Ruth Dudley Edwards: A good Alaskan, but not a good candidate
Sadly, Sarah Palin may be as folksy as Ronald Reagan but she lacks his political skill, says Ruth Dudley Edwards
So Sarah Palin, until lately Governor of Alaska, is back polarising the American public from the Atlantic to the Pacific, criss-crossing the US to small towns where admirers queue for hours to have her sign her memoirs.
Going Rogue: an American Life was published last Tuesday and is already top of the bestseller list. Her interviews are stirring up storms of controversy; she drew the biggest audience for Oprah in two years. Among the many books churned out over the past year are, The Persecution of Sarah Palin: How the Elite Media Tried to Bring Down a Rising Star and The Lies of Sarah Palin: The Untold Story Behind her Relentless Quest for Power.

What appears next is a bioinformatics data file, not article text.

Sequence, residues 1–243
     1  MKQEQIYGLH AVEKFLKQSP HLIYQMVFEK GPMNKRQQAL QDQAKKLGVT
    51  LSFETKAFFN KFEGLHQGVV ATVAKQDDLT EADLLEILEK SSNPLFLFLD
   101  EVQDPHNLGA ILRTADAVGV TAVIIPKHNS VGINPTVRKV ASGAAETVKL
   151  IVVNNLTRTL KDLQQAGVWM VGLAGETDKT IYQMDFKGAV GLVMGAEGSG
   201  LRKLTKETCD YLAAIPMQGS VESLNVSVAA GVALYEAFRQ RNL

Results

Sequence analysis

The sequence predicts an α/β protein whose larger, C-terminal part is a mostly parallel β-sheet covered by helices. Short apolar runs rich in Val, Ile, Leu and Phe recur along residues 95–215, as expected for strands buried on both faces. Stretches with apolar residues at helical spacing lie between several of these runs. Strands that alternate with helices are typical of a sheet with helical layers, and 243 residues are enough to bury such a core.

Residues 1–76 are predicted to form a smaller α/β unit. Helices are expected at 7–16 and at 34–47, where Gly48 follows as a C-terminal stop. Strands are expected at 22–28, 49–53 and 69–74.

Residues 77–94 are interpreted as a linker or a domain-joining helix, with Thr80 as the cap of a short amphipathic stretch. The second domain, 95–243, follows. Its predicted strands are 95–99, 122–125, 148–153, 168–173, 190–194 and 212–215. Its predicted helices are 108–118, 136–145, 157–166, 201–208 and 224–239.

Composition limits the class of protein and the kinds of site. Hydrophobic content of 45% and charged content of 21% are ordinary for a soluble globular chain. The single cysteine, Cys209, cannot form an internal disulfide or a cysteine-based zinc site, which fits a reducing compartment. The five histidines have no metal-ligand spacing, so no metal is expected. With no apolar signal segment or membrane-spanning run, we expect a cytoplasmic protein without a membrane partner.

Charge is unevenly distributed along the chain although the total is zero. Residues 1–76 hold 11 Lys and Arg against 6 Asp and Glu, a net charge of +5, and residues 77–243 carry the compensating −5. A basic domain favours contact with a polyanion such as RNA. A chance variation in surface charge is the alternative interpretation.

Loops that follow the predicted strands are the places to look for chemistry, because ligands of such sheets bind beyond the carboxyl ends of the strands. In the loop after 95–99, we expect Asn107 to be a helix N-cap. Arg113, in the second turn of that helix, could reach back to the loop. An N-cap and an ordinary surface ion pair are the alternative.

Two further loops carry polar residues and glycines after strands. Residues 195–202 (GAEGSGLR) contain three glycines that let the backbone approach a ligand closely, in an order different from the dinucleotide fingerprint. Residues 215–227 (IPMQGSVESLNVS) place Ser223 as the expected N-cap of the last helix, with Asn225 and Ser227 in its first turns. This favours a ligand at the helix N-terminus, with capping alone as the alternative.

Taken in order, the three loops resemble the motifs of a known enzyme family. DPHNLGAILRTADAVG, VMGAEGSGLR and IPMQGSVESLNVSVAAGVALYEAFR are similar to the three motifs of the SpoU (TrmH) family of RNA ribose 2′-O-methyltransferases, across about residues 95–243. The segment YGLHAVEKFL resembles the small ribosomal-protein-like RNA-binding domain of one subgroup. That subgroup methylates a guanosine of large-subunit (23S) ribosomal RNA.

Maybe it's partly my genes that make me look benignly on Palin and her 'nature, red in tooth and claw' background. My Cork grandfather was a gamekeeper and my uncle kept the table stocked with the fish he caught in the Blackwater and the rabbits he shot in the woods. These days, I'd rather shoot myself than even a grey squirrel, but I'm not proud of such wimpishness. I loved Alaska, which I visited in 2007, both for buisness and pleasure, and I found the place full of the happy and the helpful. Because life can be so harsh there, those who want a soft life leave, replaced by visitors who decide to stay because of the beauty and challenge of the place.